Ivy League schools cram high school students' mailboxes full with glossy recruitment packages, only to greet them weeks later with far less appealing rejection letters. Critics say elite universities like Harvard and Columbia set up potential applicants for disappointment by wooing them with pamphlets, posters, and promise, pocketing hefty application fees of up to $90 from students who have little chance of actually getting accepted, Bloomberg reports.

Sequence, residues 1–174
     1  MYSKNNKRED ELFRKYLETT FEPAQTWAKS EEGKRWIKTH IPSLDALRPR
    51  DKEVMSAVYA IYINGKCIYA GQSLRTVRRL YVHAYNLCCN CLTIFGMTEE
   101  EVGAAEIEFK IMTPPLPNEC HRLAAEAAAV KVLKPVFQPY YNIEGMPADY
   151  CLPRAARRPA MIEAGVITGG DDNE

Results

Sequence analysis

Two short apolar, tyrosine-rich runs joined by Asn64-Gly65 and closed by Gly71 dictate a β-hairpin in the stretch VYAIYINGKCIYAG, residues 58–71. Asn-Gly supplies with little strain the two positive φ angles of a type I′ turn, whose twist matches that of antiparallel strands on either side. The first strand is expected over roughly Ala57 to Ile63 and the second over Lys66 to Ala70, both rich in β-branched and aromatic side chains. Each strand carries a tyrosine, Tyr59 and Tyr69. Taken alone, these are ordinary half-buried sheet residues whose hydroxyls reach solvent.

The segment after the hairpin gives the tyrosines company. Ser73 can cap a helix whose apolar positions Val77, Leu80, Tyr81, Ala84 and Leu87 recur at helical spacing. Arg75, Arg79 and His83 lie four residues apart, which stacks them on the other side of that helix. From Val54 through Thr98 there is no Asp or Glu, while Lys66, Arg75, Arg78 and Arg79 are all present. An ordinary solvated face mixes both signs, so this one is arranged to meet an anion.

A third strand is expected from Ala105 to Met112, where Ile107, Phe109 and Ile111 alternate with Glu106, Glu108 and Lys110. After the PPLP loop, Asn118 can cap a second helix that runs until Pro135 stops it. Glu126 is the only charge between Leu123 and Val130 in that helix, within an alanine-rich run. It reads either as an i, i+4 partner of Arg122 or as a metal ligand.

All eight Ivy League schools received a record number of applications this year—including Harvard, which took in 35,000 submissions yet accepted a school low of 6.2%. Consumer groups say it's all part of a racket between the universities and the nonprofit College Board, which owns the standardized SAT and ACT tests and sells students' personal details to the schools. But some schools, like Yale and MIT, have cut back on casting a wide net for applicants. "Total application count is taken as some kind of proxy for school popularity," says the dean of undergraduate admissions for Yale, which has cut its marketing mailings by 30% since 2005. "If a student has only the most remote chance in admission, I feel it’s inappropriate to try to persuade a student to send an application."